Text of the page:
Roger Angell
Roger Angell; drawing by David Levine

Let Me Finish puts me in mind of an elderly, rather distinguished-looking man rummaging in a trunk full of old snapshots. It is not clear what he is looking for. Maybe he is not looking for anything at all. Sometimes it is simply pleasurable to visit bygone times. But if absolutely everything must be justified, let us say that he is exploring the mystery of memory.

Why does one forty-year-old memory, seemingly trivial, survive as vividly as yesterday’s dented fender while a life-changing event of twenty years ago takes intense effort to remember, even inaccurately? Because reviewers have treated Roger Angell’s book as a memoir, it is tempting to suppose that he is looking for the origin of some long-festering unhappiness. The suspicion is fed by the circumspect manner in which he treats his mother, “Mother” being a favorite dark presence among memoir writers.

Yet this is not the book of an unhappy man. A close reading suggests a contented man of the world whose temperament is sufficiently tinged by irony to make him interesting company. Though his life has had a “trickle of rotten news,” he concedes, the rotten news has not been notably plentiful. “Stuff piles up, and people my age [he is in his mid-eighties] come to understand that what’s been happening around them all this time is probably happening all over, in some version or other,” he writes.

An unboastful philosophical fellow, one thinks, imagining him in the attic poking through a trunk filled with all these memories, so pleasant most of them. Now he is a ten-year-old boy hooking school to immerse himself in the marvels of early 1930s movies: Lupe Velez and Bela Lugosi, Wheeler & Woolsey, Paul Muni in Scarface, Garbo in Mata Hari, all three Barrymores in Rasputin and the Empress, Cagney shot dead in gangster pinstripes, and all those supporting actors who still live on Turner Classic Movies—Andy Devine, Alan Hale, Edna Mae Oliver, Una Merkel, Roscoe Karns, Reginald Denny, Douglass Dumbrille.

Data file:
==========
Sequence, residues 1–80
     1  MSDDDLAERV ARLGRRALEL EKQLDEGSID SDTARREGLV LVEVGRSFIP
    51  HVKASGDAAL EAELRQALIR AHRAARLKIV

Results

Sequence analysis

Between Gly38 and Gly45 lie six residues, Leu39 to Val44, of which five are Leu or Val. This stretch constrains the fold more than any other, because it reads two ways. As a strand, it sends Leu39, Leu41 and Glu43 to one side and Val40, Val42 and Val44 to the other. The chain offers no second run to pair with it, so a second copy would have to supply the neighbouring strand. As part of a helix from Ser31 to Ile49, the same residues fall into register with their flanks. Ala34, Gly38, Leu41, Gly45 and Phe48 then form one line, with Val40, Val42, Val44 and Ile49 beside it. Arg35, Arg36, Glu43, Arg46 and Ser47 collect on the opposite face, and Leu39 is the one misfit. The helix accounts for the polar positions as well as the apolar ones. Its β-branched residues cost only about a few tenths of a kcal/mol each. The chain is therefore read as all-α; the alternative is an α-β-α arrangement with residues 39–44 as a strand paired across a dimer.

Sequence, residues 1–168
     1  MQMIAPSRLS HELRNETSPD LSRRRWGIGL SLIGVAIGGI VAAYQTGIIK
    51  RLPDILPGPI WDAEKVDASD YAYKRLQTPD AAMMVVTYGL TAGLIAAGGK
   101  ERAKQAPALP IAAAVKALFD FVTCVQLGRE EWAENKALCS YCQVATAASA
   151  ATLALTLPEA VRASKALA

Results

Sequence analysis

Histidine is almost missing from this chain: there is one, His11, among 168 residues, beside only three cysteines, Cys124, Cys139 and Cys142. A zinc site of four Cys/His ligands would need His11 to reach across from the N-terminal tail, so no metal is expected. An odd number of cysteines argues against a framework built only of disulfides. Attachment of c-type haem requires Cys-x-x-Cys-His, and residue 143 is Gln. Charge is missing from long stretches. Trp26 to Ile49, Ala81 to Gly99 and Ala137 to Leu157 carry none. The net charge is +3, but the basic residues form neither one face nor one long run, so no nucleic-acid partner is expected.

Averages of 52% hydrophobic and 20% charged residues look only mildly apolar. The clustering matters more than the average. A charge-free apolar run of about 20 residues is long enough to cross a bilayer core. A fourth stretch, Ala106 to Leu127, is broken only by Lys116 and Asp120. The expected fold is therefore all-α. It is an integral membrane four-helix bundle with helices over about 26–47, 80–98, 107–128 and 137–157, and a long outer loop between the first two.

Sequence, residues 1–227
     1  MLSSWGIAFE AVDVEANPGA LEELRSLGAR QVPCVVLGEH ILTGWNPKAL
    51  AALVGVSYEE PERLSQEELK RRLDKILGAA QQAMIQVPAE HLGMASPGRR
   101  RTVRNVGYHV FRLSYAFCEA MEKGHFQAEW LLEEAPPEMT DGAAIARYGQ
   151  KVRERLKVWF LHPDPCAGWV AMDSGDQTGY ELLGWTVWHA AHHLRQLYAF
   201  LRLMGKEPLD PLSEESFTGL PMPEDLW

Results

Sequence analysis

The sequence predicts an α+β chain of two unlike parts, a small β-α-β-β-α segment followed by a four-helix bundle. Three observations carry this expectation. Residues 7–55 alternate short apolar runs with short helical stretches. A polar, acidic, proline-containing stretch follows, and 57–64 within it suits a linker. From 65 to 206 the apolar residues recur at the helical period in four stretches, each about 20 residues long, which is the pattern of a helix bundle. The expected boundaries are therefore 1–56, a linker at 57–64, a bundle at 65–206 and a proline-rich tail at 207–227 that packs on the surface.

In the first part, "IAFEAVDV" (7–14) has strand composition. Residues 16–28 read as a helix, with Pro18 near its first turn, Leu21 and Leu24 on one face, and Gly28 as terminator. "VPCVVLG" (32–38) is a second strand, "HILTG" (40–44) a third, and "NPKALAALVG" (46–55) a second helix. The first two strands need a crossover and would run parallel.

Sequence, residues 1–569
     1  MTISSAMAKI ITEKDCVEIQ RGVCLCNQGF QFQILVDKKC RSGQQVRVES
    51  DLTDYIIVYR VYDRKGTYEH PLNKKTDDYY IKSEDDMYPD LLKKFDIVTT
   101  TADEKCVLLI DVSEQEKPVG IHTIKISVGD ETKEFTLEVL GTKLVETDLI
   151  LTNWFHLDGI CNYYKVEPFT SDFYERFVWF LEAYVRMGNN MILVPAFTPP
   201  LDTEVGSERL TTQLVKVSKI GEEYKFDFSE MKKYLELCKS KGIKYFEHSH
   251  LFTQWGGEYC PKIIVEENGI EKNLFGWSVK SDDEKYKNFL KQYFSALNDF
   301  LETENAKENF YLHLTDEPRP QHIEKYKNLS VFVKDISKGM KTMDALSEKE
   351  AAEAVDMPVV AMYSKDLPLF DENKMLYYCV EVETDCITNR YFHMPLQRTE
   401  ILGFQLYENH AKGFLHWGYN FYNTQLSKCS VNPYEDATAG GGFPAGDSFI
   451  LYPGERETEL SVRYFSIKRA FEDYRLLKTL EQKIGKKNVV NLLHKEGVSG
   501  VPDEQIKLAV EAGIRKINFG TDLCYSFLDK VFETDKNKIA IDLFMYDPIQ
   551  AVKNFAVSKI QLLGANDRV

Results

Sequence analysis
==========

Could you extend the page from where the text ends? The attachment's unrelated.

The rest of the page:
Here he is at the Polo Grounds with his father watching Bill Terry’s Giants play in the afternoon sunshine. Now he is a young soldier packed into a trainload of new draftees off to fight Nazis or Japs; it’s hard to tell which, since their orders are secret and the train has stopped someplace unknown. Maybe Oregon, somebody guesses.

Time passes and the postwar age of the martini delights an America which has just won World War II on hard whiskey, Camels, Chesterfields, and Lucky Strikes, and is looking for something more sophisticated than rum and Coca-Cola. Angell revisits the martini years fondly, though confessing that he and his wife finally switched from the gin martini to the vodka version because vodka was “less argumentative.” This delicately evokes a time when the glow from the first martini could intensify with seconds and thirds until it produced an incandescence destructive to the…

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